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Back to War in the Philippines
by Eric Margolis 18 Jan 2002

The long-awaited second act of President George Bush's worldwide `war against terrorism opened last week with the official announcement that 650 US troops would conduct `military exercises in the southern Philippines against the Muslim rebel movement, Abu Sayyaf.

In fact, this column has learned that US troops have secretly been conducting operations with the Philippine military against Abu Sayyaf since last fall. Once again, the US is getting embroiled in a complex region about which very little is known.

This is the second time in just over 100 years US troops are in action against the Moros, or Muslims of the southern Philippines. After the US ousted Spain from the Philippines in 1901, and made the island nation an American colony, the Moro sultanates of Mindanao and Sulu resisted fiercely, as they had fought the previous Spanish occupiers for 350 years.

The famed Colt .45 pistol was invented specifically to knock down sword-wielding Moro warriors whose courageous but suicidal attacks gave us the Malay term, `running amok. After heavy fighting and the massacre of large numbers of Moro civilians, the US finally conquered the southern Philippines. The American colonial government moved large numbers of Christian settlers into the southern Philippines in order to undermine Moro nationalism.

But the region, and its 6 million Muslims, remain apart and distinct from the rest of the 71 million Christian Filipinos. During the 1960s and 1970s, Christian settlers, backed by the Manila government, began pushing into the economically backward, long-neglected south, in many cases stealing land and driving out its Muslim owners in a campaign of ethnic cleansing. Civil war erupted Muslim farmers fought back. During the regime of Ferdinand Marcos, the Philippine Army and gangs of paramilitary thugs killed an estimated 50,000 Muslims from 1969-1971 without a peep of protest from Marcos American sponsors.

Two years later, the Moro National Liberation Front was formed in response to Marcos imposition of martial law. The MNLF, which was financed by Libya, called for an independent Muslim state -Bangsomoro. Three years of heavy fighting between the MNLF and the US-armed Manila regime left over 100,000 Muslims dead; 250,000 were driven from their homes. The world again ignored this massacre.

In the mid-1970s, Libya brokered a peace between Manila, the MNLF, and a breakaway group, the MILF. The MNLF leader, Nur Misuari, joined the government, and rebel forces were integrated into the national army. The Muslim regions of southern Philippines were granted autonomy. But tensions simmered on. Christian settlers continued to press south; Moro factions battled with one another and failed to develop effective local government.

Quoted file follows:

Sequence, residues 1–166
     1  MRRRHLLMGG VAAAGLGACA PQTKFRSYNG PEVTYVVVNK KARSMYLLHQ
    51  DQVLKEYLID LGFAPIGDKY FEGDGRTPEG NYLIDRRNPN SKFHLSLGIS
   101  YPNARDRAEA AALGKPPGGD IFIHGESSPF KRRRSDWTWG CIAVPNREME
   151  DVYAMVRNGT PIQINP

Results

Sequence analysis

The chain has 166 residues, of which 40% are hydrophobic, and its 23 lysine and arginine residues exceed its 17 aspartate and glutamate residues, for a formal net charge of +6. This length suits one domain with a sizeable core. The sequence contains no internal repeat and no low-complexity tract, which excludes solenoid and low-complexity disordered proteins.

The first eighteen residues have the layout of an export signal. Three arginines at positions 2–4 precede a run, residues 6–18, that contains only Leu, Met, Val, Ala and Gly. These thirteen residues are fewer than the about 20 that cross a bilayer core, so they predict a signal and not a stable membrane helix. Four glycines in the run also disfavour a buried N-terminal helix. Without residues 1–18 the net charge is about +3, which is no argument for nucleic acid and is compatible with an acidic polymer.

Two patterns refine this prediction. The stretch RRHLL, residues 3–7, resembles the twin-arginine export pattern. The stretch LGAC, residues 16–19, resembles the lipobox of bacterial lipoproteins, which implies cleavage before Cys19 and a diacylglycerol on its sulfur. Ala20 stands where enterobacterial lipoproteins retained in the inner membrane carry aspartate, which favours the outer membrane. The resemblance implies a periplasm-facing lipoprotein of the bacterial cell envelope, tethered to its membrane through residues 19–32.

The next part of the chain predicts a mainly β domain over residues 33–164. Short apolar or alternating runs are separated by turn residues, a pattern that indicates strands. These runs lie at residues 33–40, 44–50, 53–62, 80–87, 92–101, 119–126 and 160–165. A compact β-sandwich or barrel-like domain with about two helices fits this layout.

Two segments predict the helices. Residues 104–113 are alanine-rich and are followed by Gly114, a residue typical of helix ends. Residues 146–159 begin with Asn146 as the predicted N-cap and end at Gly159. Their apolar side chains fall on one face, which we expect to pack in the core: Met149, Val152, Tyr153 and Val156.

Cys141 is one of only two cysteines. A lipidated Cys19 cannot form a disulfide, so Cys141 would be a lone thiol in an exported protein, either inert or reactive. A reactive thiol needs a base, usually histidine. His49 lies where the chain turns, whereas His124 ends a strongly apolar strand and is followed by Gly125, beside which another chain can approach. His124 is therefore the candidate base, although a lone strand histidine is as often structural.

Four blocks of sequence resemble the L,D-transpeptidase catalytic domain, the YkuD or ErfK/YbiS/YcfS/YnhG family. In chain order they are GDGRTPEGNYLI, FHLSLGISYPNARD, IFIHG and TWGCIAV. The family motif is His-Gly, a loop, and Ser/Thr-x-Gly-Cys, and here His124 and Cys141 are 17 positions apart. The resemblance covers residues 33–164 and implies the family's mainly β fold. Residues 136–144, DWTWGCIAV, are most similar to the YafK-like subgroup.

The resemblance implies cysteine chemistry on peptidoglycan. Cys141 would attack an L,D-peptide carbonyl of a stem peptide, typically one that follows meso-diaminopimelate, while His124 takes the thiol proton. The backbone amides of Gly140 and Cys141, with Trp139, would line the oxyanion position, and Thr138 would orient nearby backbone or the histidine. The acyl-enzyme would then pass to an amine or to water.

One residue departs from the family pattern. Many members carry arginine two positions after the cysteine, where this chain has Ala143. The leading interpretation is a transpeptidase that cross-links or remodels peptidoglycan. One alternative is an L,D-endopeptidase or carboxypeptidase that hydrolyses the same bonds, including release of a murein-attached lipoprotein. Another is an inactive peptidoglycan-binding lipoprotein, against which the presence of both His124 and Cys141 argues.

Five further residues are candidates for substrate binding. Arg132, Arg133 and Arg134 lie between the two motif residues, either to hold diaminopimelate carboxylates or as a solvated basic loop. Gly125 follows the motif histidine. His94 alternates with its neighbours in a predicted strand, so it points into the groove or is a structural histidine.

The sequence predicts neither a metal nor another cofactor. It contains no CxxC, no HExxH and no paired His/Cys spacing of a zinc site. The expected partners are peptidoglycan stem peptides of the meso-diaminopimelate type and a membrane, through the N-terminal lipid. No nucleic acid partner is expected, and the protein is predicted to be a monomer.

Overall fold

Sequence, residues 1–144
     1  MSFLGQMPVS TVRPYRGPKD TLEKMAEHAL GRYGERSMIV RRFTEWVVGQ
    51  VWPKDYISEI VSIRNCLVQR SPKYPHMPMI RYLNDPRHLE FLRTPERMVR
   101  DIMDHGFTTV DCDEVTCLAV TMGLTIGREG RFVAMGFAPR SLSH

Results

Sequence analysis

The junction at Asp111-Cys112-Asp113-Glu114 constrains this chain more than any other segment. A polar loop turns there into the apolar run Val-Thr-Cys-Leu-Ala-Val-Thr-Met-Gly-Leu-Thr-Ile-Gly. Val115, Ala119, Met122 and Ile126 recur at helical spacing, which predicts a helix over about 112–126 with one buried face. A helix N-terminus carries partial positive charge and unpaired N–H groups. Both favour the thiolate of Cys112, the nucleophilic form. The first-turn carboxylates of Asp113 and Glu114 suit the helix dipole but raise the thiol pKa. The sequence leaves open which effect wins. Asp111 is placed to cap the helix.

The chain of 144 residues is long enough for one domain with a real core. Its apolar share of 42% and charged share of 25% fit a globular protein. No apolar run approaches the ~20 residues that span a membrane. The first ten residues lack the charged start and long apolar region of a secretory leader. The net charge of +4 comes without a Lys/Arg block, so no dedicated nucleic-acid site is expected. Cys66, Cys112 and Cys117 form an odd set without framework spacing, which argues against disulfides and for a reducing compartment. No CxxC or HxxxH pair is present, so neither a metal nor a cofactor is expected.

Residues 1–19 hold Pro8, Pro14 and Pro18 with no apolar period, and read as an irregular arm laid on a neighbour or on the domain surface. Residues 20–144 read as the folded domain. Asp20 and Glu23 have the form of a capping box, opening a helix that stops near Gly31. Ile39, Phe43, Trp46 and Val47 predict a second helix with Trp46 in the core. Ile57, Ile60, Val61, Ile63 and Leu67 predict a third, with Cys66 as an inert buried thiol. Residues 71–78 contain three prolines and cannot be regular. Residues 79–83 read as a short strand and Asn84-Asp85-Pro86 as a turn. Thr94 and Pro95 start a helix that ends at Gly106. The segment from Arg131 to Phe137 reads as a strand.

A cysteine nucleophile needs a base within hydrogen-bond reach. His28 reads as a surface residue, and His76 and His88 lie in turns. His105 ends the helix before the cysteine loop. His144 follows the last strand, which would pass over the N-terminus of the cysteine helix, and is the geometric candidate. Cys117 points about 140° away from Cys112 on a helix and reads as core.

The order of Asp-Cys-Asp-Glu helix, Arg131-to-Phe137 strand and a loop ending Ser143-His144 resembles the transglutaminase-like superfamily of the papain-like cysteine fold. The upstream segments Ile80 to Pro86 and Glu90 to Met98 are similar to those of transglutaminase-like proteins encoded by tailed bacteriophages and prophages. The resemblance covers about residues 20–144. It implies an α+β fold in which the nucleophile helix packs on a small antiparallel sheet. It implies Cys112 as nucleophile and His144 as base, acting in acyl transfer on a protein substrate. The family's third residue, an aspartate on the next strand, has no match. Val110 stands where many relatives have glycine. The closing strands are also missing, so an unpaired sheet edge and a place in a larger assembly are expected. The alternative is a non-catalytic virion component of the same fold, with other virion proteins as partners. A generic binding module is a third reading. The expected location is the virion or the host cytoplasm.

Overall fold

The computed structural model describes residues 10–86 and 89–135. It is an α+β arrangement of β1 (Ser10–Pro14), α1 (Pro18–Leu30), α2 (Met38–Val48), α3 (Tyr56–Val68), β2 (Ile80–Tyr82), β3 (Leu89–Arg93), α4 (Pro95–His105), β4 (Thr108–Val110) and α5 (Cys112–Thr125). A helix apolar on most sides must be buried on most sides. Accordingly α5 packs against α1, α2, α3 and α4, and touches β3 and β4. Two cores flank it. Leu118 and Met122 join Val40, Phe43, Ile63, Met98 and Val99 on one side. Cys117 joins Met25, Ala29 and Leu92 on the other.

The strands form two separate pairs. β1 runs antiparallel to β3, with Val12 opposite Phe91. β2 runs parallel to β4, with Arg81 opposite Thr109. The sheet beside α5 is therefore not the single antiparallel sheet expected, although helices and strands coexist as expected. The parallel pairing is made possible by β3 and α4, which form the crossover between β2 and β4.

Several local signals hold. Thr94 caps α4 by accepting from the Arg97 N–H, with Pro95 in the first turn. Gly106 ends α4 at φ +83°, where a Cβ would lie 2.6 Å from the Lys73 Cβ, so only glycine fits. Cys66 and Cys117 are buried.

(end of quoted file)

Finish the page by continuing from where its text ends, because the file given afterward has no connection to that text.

In 1996, a breakaway separatist faction, Abu Sayyaf, rejected the peace accords with Manila and waged a guerrilla war from the jungles of the southern islands. While originally a militant Islamic group battling for independence, in recent years, Abu Sayyaf, which numbered only a few hundred fighters, turned increasingly to banditry. Abu Sayyaf conducted kidnappings, bank robberies, and executed hostages. It currently holds two American missionaries shades of the Taliban.

Abu Sayyaf is a criminal, not terrorist, problem. The southern Philippines and the coastal regions around Malaysia and Borneo have traditionally been the haunt of pirates and bandits.

But the president of the Philippines, Gloria Arroyo, who, with the army, recently overthrew and jailed her predecessor, the flamboyant and buffoonish ex-movie actor, Joseph Estrada, went to Washington and claimed Abu Sayyaf and other Muslim groups were `linked to Osama bin Laden. This, of course, pushed Washington's hot button and immediately got Manila a pledge of a hundred million dollars in US aid and military assistance.

Bin Laden's al-Qaida did have some supporters in the Philippines and occasionally used safe houses in Manila. But to claim Abu Sayyaf or Nur Misuaris MNLF were close allies of bin Laden is a stretch. Misuari did resume fighting before Christmas, but this was due to murky factional disputes within his organization provoked by Manilas attempts to undermine his authority. He fled to Malaysia and was promptly arrested.

The troubles in the southern Philippines are not what the west terms terrorism, as President Arroyo claimed, but the result of centuries of land disputes, the denial of equal economic and political rights to the Bangsomoro Muslims, and tribal disputes.

But in Washington's new world view, any Muslims seeking independence whether in Kashmir, Chechnya, Palestine, or Mindanao are ipso facto terrorists. However, in East Timor a case that much resembles Kashmir and the Mindanao the US and its allies aided the Christian majority in seceding from Muslim Indonesia and winning independence. In short, a clear double standard.

The hundred million plus dollars Washington is giving Manila to fight `terrorism would be far better spent, were the US truly concerned about the Philippines, on education and economic improvement in the impoverished south. Instead, US aid will be stolen by government and military officials, or spent chasing a small number of Abu Sayyaf bandits through the jungles of Basilan Island.

Interestingly, the US is ignoring the long-running insurgency in the north by HUK communist guerrillas, who are every bit as nasty as Abu Sayyaf. It seems terrorism, in Bush's terms, applies only to Muslims.

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